A Three Stage Integrative Pathway Search (TIPS©) framework to identify toxicity relevant genes and pathways
1 Department of Chemical Engineering and Materials Science, Michigan State University, East Lansing, MI 48824, USA
2 Department of Biochemistry and Molecular Biology, Michigan State University, East Lansing, MI 48824, USA
3 Department of Computer Science and Engineering, Michigan State University, East Lansing, MI 48824, USA
4 MetagenX LLC. Okemos, MI, 48864, USA
5 Department of Biochemistry and Molecular Biology, Michigan State University, East Lansing, MI 48824, USA
6 National Institute on Alcohol Abuse and Alcoholism (NIAAA/NIH), 5625 Fishers Lane, Rockville, MD 20851, USA
BMC Bioinformatics 2007, 8:202 doi:10.1186/1471-2105-8-202Published: 14 June 2007
The ability to obtain profiles of gene expressions, proteins and metabolites with the advent of high throughput technologies has advanced the study of pathway and network reconstruction. Genome-wide network reconstruction requires either interaction measurements or large amount of perturbation data, often not available for mammalian cell systems. To overcome these shortcomings, we developed a Three Stage Integrative Pathway Search (TIPS©) approach to reconstruct context-specific active pathways involved in conferring a specific phenotype, from limited amount of perturbation data. The approach was tested on human liver cells to identify pathways that confer cytotoxicity.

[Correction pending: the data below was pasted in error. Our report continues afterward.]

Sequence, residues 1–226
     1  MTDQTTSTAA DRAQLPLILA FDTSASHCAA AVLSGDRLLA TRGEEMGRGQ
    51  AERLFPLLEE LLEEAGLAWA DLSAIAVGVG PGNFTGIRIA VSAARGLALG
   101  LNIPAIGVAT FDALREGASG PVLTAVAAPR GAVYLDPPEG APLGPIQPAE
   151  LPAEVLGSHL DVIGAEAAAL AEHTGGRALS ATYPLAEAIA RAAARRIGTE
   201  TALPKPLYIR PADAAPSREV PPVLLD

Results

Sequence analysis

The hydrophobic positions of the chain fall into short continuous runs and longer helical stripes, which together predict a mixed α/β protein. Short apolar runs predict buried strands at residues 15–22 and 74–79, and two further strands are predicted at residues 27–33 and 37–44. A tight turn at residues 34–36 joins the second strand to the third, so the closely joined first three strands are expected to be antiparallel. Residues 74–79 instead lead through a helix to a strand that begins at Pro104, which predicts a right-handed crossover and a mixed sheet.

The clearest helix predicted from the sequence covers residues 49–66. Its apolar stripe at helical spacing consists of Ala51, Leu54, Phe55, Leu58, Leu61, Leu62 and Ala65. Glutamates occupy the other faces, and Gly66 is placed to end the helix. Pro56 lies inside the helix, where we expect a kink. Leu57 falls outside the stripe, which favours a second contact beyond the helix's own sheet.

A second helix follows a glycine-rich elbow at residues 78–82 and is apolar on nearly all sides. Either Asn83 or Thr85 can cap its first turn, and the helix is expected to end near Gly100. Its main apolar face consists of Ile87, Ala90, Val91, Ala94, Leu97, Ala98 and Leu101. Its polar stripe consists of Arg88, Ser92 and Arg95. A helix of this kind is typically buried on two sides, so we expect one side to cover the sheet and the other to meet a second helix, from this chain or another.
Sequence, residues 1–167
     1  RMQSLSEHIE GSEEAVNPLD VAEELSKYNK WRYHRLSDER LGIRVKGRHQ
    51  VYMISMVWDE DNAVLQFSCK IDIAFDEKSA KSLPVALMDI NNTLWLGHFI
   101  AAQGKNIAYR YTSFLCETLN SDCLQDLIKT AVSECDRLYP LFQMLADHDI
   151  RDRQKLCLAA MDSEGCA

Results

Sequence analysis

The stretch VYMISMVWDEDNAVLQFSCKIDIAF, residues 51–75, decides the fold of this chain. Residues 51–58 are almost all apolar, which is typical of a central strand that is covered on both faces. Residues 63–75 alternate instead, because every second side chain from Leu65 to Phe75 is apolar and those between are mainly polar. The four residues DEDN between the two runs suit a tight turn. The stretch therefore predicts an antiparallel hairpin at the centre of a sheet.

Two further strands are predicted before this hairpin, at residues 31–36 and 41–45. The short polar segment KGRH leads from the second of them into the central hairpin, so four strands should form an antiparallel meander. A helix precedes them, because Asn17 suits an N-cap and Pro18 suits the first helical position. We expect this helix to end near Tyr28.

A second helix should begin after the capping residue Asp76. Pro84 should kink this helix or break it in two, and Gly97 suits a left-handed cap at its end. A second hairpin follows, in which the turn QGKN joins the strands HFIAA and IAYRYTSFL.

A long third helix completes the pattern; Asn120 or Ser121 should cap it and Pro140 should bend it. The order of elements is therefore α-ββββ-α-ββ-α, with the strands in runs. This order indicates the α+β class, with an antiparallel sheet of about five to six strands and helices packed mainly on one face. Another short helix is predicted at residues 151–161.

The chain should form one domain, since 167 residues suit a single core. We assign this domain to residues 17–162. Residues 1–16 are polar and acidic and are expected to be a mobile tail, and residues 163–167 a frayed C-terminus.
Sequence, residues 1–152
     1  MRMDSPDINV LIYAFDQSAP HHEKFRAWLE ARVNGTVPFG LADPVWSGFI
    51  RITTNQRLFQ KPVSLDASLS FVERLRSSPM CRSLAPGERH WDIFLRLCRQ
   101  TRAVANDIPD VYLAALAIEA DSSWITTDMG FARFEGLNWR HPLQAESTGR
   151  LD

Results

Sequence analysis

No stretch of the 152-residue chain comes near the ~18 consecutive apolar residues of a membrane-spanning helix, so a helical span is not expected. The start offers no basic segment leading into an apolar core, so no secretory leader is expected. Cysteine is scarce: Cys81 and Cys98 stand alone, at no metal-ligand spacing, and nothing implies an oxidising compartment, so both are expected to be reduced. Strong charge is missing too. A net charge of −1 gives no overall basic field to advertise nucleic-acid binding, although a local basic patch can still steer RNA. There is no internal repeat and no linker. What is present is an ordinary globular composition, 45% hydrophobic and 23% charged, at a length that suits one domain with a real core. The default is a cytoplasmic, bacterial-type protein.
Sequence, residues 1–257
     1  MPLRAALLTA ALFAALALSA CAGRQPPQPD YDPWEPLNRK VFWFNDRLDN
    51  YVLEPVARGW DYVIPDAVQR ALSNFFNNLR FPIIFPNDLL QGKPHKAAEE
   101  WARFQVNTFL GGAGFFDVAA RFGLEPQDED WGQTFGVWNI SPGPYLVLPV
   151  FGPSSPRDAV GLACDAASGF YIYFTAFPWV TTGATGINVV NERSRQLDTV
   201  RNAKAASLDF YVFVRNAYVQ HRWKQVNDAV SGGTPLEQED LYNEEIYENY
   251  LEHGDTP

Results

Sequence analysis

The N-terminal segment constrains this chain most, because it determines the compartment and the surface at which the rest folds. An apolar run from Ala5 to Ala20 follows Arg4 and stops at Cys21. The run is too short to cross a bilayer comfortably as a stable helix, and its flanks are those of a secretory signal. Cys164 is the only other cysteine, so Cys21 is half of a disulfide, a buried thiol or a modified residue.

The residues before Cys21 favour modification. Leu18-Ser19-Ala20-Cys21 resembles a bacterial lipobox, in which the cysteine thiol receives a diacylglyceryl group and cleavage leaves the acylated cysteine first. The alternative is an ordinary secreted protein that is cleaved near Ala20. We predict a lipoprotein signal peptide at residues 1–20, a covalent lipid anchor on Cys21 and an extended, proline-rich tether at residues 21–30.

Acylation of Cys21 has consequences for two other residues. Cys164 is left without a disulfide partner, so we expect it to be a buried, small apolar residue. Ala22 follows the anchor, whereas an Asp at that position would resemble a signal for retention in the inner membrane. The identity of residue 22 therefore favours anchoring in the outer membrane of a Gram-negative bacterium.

This paper presents a systems approach that integrates gene expression and cytotoxicity profiles to identify a network of pathways involved in free fatty acid (FFA) and tumor necrosis factor-α (TNF-α) induced cytotoxicity in human hepatoblastoma cells (HepG2/C3A). Cytotoxicity relevant genes were first identified and then used to reconstruct a network using Bayesian network (BN) analysis. BN inference was used subsequently to predict the effects of perturbing a gene on the other genes in the network and on the cytotoxicity. These predictions were subsequently confirmed through the published literature and further experiments.
The TIPS© approach is able to reconstruct active pathways that confer a particular phenotype by integrating gene expression and phenotypic profiles. A web-based version of TIPS© that performs the analysis described herein can be accessed at http://www.egr.msu.edu/tips webcite.